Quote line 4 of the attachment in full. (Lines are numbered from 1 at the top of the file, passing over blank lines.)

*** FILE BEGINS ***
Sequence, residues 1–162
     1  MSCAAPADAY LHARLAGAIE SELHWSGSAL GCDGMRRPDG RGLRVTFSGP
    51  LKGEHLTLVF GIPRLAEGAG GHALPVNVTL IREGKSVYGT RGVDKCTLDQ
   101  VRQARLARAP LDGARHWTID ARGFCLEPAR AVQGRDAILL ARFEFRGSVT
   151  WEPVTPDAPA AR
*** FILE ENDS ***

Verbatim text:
   101  VRQARLARAP LDGARHWTID ARGFCLEPAR AVQGRDAILL ARFEFRGSVT